On June 6, under dark clouds threatening torrents as we’ve seen lately in Northwest Arkansas, two men gathered with friends and family beneath a somewhat out-of-place, lone pine tree in the old Bentonville City Cemetery. There to bury a woman deeply loved by both, one man’s devotion to her began some 25 years earlier than the other.

The younger of the two was understandably incredulous. Andy Pham, an affable, Arkansas-born Vietnamese American in his mid-30s and father of three little girls, was burying his wife of 10 years, a beautiful tall blonde, Deep South Scotch-Irish to the core, who had fallen for his sense of humor, work ethic and who knows what else in the chemistry between two mortals.

The older of the two was equally incredulous. A Louisiana-born man, father of six, and living in the last year of his sixth decade, he was burying his daughter with whom he’d fallen deeply in love from her moment of birth in Little Rock in 1983. Beyond her early demise, his disbelief was that his daughter was being laid next to her mother and his late wife, whose earthly remains had been planted under that same pine tree 13 years earlier. This in a small yet famous city that had welcomed his newcomer family, arriving from Houston, into its caring fold as seamlessly as if his family roots were of noted, even pioneer, local families: the Berrys, the Douglases or the later-arriving Waltons.

But then, that’s the modus here. Disembarkers landing near sylvan Beaver Lake shores since late last century hear the same warm greeting: “Welcome to town — do you work for Walmart or are you a vendor?”

His answer in 1994 was the latter — a Walmart supplier representative then finding himself in the most at-ease yet arguably oddest company town in the country, a place where so many “owe their souls to the company store” because, well, the company store is the largest in the universe. Like a fast-acting Stockholm Syndrome in an aerosol can promoted at “rollback” pricing, this local hybrid culture of getting along in overall “niceness,” as one business sociologist from up north pegged it decades ago, overtakes you. And in contrast to the preceding, poignant and sometimes tearful celebration of life that had just taken place at the First United Methodist Church just off the square where Sam Walton opened his first namesake dime store, the annual Walmart Shareholders Week was in full swing. Thousands of shareholders and store employees from around the world descend upon the region to celebrate the previous year’s financial results and hear company execs and visiting celebrities offer pep talks for the current year. It’s the Mardi Gras of Northwest Arkansas. The only corporate shindig that might compare is the Berkshire Hathaway annual soirée for shareholders and analysts in Omaha.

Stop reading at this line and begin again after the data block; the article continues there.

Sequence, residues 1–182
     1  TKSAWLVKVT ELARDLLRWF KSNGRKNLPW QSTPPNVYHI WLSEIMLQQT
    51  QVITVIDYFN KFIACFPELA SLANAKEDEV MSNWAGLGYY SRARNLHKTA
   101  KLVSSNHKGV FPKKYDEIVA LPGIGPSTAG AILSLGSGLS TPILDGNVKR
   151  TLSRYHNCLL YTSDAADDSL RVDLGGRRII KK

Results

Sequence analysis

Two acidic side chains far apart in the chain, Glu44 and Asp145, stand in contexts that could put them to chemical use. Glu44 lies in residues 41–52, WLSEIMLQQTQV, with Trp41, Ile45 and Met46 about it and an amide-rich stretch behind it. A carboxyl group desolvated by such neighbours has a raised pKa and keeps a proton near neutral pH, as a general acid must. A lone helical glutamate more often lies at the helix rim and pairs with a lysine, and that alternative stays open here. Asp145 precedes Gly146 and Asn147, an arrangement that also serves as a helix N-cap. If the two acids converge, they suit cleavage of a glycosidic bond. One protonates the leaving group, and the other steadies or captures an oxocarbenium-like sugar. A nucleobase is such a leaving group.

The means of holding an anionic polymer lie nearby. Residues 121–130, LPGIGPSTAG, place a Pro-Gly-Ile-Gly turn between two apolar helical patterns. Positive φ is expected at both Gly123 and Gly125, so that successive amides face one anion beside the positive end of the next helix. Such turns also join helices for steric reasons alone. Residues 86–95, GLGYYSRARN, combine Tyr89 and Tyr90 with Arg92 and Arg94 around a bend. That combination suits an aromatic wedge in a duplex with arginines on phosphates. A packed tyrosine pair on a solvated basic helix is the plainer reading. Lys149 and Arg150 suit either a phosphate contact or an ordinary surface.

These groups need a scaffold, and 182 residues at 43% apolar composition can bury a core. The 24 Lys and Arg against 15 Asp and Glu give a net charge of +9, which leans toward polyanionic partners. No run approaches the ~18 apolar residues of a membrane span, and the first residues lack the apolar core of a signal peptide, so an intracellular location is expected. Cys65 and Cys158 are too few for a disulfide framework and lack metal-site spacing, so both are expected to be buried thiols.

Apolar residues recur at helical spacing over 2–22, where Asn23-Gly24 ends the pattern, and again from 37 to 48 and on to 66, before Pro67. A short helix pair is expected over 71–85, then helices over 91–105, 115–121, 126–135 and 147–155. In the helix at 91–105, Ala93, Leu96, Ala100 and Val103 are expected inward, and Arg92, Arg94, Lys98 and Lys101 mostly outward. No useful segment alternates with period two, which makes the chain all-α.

Now, 25 years after planting foot here, I was that elder man at the cemetery seated shoulder to shoulder with my son-in-law under a forest green funerary canopy, staring blankly at yellow roses arrayed over my daughter’s pearl-gray coffin. Loved ones surrounded what has become, by chance and corporate relocation, the Talley family plot, situated a mere hundred yards down the lane from the late retail patriarchs “Mr. Sam” and “Miss Helen” in their own family plot with headstone and adornment no greater than most others in this old public cemetery. Ironically, and certainly not by design, Walmart corporate headquarters looms in clear view through the cemetery trees.

It’s a vivid and literal lesson. When both daughter and granddaughter of a Louisiana piney-woods carpenter are interred a stroll away from the graveside of the once-dubbed “richest man in the world,” we understand: Earthly possessions count for naught at end-of-life. Rich or poor, we are judged the same. And when viewed by those left behind, wise words once spoken by Helen Walton come to mind: “It is not what you gather, but what you scatter that tells what kind of life you have lived.”

I thought of what daughter Emily had scattered in her shortened life. There are memories of her laughter, her creative nature and her determined way of doing things in her own way that so frustrated her parents and other loved ones. As a toddler and when asked her name, she would respond, “Emily, Emily, Emily!” mimicking her mother’s exasperated tone. More importantly are her bright and beautiful daughters remaining to be consoled and lovingly nurtured. Yes, I am their devoted grandfather and beauty is but skin deep, yet — my word! — they are stunning in their blended features of American Gulf South mother and South Vietnamese father.

My musings were interrupted by the minister’s benediction. We stood to depart. In an impromptu moment I gathered my children around their mother’s headstone a few yards from their sister’s new resting place. I entreated God’s support for my brood and offered thanks for blessings.

The rain clouds finally poured down their own benediction; mourners moved quickly to vehicles nearby. Pulling away from the cemetery, the Walton headstone and the Walmart headquarters beyond appeared in my rear-view mirror. I felt an unexpected sense of comfort: rich or poor, the Talleys and the Phams were going to be OK. Yes, with faith and community support, we will be OK.

Ted Talley is a retired consumer products salesman who writes occasional op-ed pieces in the Arkansas Democrat-Gazette. He is a 1972 Baylor University journalism graduate.